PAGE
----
# 240w Power Supply at 93.5% efficiency = 256w or 271w at wall?

#### EdHo

Joined Jun 10, 2016
10
I have a Meanwell HLG-240H-C2100B power supply (119v, 2.1a, CC, powered by 240v AC)
powering 3 Bridgelux Vero29 LEDin series. The output from the PS reads 115v, 2.1a = 241.5w.

Shouldn't the AC Watts "in" measure 258w? (241.5/.935=258)
I get a reading of 271w in - which suggests an efficiency of 89% not 93.5%.

Should I be checking the test equipment or is this difference to be expected?

#### mcgyvr

Joined Oct 15, 2009
5,394
93.5% is "typical" and based on a specific load.. Did you read the charts in the datasheet?
Specifically the "Efficiency vs load" chart on page 7

Not sure what you are using to measure output/input wattage either.. Could be accuracy issues there too,etc...

#### EdHo

Joined Jun 10, 2016
10
If I read it correctly, 100% load is 250w at 93.5% efficiency. Since this load is 241.5w, which is close to full load (96.6%).
According to the chart, efficiency shouldn't drop below 90% until load is below 35%. As far as "typical", I have checked 6 of these and they yield similar results +-2%.

I think you confirmed that I need to check the accuracy of the meters.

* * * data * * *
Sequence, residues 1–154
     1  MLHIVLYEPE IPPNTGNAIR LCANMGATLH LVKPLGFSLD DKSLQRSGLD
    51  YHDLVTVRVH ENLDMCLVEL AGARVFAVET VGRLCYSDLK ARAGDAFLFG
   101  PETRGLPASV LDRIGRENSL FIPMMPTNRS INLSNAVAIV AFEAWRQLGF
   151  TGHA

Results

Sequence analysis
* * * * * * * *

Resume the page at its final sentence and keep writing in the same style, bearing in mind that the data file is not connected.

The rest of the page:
Thank you!

#### RichardO

Joined May 4, 2013
2,270
I think you confirmed that I need to check the accuracy of the meters.
Does this mean that you are using two meters -- a volt meter and a current meter?
If so, you are also measuring the power factor since the voltrage and current are not going to be perfectly in phase. Even a power factor corrected power supply is going to have a less than 100% power factor.

#### AnalogKid

Joined Aug 1, 2013
10,778
The tolerance for an efficiency spec rarely is stated, and typically is 5-10%. Also, peak efficiency might be achievable only with a resistive load.

ak

#### EdHo

Joined Jun 10, 2016
10
Does this mean that you are using two meters -- a volt meter and a current meter?
If so, you are also measuring the power factor since the voltrage and current are not going to be perfectly in phase. Even a power factor corrected power supply is going to have a less than 100% power factor.
A Fluke79 measures the dc output voltage and current. A separate in-line meter measures the AC input voltage and current. (Bayite AC 80-260V 20A).

#### AlbertHall

Joined Jun 4, 2014
12,293
Does this mean that you are using two meters -- a volt meter and a current meter?
If so, you are also measuring the power factor since the voltrage and current are not going to be perfectly in phase. Even a power factor corrected power supply is going to have a less than 100% power factor.
The data I found on the Bayite meter didn't say whether it was measuring true RMS or not. However it did say " This module is only suitable for pure AC 50-60HZ the mains." which rather suggests it isn't <surprised>

#### EdHo

Joined Jun 10, 2016
10
The tolerance for an efficiency spec rarely is stated, and typically is 5-10%. Also, peak efficiency might be achievable only with a resistive load.

ak
Wouldn't LEDs be a resistive load?

#### EdHo

Joined Jun 10, 2016
10